The early French language of the northwestern region known as Britanny is the soil from which the many generations of the Borghese family have grown. The name Borghese was given to a member of the family who was a person known as a freeman. The name Borghese is derived from the Old French word bourgeois, which in medieval times was used to refer to the free men of a town. Free-man were those whose status was between the noble classes and the serfs who were obligated to work of the feudal
estates of the lords.
Early Origins of the Borghese family
The surname Borghese was first found in Brittany
, where the family first originated and maintained their status as one of the more distinguished families of the region.
Early History of the Borghese family
This web page shows only a small excerpt of our Borghese research.Another 517 words (37 lines of text) covering the years 1437, 1507, 1711, 1666, 1671, 1663, 1808, 1809, 1810, 1811, 1620, 1700, 1851, 1927, 1920, 1857 and 1945 are included under the topic Early Borghese History in all our PDF Extended History products and printed products wherever possible.
Borghese Spelling Variations
The many different spellings of French surnames can be partially explained by the use of local
dialects and by the influence of other languages during the early development of the French language. As a result of these linguistic and cultural influences, the name Borghese is distinguished by a number of regional variations. The many spelling variations
of the name include Bourgeois, Bourgois, Bourgeoys, Bourgeot, Le Bourgeois, de Bourgeois, Bourjois, Bourgès, Bourgeix and many more.
Early Notables of the Borghese family (pre 1700)
Notable amongst this name at this time was Marguerite Bourgeoys, C.N.D., (1620-1700), born in Troyes, France, she was the French foundress of the Congregation of Notre Dame
of Montreal; Charles Le Bourgeois, squire and... Another 33 words (2 lines of text) are included under the topic Early Borghese Notables in all our PDF Extended History products and printed products wherever possible.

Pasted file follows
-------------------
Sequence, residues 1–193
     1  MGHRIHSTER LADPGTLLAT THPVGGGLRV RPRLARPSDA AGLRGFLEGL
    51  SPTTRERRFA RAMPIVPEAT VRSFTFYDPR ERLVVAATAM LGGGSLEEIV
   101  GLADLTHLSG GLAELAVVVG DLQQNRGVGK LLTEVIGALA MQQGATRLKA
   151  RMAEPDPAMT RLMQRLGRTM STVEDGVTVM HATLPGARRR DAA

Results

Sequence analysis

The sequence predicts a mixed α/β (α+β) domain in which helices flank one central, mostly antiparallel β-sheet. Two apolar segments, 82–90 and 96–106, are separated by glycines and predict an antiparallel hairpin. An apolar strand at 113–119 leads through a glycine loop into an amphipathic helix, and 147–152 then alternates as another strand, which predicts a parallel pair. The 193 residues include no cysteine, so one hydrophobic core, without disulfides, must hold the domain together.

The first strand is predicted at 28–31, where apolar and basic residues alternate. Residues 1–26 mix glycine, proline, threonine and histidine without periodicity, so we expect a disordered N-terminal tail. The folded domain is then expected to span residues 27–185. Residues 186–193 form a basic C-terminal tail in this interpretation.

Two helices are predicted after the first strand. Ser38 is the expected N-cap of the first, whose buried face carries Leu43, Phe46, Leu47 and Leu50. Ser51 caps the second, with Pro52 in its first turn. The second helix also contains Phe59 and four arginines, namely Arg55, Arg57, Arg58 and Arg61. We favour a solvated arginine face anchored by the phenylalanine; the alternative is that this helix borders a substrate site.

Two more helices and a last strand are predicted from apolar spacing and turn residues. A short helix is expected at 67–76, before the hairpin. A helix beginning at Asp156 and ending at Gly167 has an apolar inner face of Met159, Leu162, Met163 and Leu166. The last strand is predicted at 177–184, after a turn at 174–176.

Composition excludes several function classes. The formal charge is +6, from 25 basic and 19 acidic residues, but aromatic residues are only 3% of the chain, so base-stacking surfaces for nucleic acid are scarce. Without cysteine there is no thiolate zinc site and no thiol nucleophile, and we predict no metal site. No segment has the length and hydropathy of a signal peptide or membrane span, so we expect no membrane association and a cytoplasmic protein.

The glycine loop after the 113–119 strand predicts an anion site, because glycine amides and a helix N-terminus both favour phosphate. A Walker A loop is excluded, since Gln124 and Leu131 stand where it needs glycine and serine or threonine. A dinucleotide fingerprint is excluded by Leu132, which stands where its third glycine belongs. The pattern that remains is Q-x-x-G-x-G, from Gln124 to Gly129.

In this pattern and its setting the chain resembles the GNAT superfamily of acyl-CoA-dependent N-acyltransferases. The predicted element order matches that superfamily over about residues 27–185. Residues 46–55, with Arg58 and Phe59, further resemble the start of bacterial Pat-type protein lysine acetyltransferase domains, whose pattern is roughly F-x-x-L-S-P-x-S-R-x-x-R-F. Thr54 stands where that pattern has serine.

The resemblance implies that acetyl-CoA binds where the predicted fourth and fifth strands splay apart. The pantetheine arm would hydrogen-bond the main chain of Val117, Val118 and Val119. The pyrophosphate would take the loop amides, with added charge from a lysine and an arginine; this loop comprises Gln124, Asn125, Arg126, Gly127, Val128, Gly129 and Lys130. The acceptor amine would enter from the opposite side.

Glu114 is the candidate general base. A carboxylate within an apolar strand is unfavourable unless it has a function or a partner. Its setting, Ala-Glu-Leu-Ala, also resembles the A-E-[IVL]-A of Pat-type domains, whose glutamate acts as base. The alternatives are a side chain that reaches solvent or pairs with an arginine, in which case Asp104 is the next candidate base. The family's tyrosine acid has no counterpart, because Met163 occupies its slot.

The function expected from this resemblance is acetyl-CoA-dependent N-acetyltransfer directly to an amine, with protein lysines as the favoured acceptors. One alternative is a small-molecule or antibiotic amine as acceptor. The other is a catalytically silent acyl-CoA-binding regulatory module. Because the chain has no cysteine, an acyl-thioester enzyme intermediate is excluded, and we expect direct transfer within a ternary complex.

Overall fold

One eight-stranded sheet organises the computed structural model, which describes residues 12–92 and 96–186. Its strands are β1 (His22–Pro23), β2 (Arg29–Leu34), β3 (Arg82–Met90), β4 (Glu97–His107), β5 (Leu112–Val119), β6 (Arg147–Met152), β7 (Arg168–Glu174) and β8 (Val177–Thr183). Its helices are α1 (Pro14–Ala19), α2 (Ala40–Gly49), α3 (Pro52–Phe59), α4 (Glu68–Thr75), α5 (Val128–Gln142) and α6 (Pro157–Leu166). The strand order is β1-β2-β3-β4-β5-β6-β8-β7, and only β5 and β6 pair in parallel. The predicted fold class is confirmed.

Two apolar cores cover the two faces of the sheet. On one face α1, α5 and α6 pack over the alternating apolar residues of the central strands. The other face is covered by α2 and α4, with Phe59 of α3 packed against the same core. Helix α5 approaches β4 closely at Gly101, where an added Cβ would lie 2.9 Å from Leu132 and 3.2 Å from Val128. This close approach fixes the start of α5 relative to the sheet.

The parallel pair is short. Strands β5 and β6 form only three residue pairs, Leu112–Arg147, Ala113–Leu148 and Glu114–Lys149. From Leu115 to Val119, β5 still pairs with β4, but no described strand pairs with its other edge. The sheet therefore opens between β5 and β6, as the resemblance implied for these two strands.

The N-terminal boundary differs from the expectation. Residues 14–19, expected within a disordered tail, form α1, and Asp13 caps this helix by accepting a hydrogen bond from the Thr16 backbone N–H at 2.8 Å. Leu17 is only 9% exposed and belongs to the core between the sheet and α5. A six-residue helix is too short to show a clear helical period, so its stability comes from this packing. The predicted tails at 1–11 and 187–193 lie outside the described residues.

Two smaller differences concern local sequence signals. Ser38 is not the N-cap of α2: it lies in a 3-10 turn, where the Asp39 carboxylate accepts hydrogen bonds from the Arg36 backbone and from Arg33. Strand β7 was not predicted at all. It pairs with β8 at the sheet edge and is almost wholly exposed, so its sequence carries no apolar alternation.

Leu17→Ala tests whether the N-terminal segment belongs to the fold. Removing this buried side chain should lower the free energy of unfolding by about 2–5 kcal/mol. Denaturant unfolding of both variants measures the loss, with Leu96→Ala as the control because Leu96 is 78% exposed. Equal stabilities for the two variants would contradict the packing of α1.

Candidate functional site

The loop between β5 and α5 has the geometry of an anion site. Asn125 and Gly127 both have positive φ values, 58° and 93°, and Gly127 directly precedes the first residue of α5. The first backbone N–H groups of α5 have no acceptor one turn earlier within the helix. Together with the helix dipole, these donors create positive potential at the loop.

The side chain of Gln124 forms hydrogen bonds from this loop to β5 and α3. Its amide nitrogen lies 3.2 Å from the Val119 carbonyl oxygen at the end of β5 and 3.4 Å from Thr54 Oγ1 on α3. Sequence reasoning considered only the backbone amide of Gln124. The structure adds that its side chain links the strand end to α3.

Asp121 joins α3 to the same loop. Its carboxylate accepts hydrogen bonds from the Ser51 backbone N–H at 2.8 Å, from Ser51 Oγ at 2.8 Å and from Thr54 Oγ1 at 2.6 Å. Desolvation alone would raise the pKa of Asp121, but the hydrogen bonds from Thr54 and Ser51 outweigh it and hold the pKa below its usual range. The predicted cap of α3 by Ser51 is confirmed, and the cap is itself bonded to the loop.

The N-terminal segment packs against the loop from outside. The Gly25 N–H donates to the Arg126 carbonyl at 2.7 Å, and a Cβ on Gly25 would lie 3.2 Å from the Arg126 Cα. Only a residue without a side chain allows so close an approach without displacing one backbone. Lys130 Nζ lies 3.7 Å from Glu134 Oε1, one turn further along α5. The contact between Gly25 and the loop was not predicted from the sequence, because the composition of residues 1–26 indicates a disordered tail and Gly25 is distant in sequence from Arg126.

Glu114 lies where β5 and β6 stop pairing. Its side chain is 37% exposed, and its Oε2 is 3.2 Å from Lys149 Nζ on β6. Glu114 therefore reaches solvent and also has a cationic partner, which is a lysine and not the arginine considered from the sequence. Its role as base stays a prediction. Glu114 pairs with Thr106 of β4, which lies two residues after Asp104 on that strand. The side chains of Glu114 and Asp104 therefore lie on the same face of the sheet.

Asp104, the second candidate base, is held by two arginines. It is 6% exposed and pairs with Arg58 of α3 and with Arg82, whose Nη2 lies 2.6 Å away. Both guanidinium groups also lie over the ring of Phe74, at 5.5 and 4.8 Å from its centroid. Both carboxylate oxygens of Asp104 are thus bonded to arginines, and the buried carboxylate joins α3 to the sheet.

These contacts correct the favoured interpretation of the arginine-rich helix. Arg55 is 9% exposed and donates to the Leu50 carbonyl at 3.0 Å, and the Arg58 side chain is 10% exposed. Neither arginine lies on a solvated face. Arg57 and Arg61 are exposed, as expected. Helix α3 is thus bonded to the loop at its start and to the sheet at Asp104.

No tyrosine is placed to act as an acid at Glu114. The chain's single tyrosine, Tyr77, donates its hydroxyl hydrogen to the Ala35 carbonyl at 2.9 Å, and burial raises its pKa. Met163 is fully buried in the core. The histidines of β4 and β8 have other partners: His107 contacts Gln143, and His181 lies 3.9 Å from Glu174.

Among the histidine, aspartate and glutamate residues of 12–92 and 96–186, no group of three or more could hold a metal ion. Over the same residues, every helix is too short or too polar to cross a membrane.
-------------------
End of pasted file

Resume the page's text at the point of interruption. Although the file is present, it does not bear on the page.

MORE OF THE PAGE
Migration of the Borghese family to the New World and Oceana
Immigration to New France was slow; therefore, early marriage was desperately encouraged amongst the immigrants. The fur trade attracted migrants, both noble and commoner. 15,000 explorers left Montreal in the late 17th and 18th centuries. By 1675, there were 7000 French in Quebec. By the same year the Acadian presence in Nova Scotia, New Brunswick and Prince Edward Island had reached 500. In 1755, 10,000 French Acadians refused to take an oath of allegiance to England
and were deported to Louisiana. The French founded Lower Canada, thus becoming one of the two great founding nations of Canada. The distinguished family name Borghese has made significant contributions to the culture, arts, sciences and religion of France and New France. Amongst the settlers in North America with this distinguished name Borghese were Jeanne Trahan, who settled in Acadia in 1636; Marguerite Bourgeoys, 33; who arrived in Montreal in 1653; another Marguerite Bourgeoys, who settled in Montreal in 1659.
Contemporary Notables of the name Borghese (post 1700)
- François Borghèse, French Brigadier General during the French Revolutionary and Napoleonic Wars from 1789 to 1815 CITATION[CLOSE]
Generals Who Served in the French Army during the Period 1789-1815. (Retrieved 2015, February 11) François Borghèse. Retrieved from http://www.napoleon-series.org/research/c_frenchgenerals.html
- Camille Borghèse, French Divisional General during the French Revolutionary and Napoleonic Wars from 1789 to 1815 CITATION[CLOSE]
Generals Who Served in the French Army during the Period 1789-1815. (Retrieved 2015, February 11) Camille Borghèse. Retrieved from http://www.napoleon-series.org/research/c_frenchgenerals.html
- don Francisco de Asis de Narváez y Borghese, made the Count of Yumuri in 1847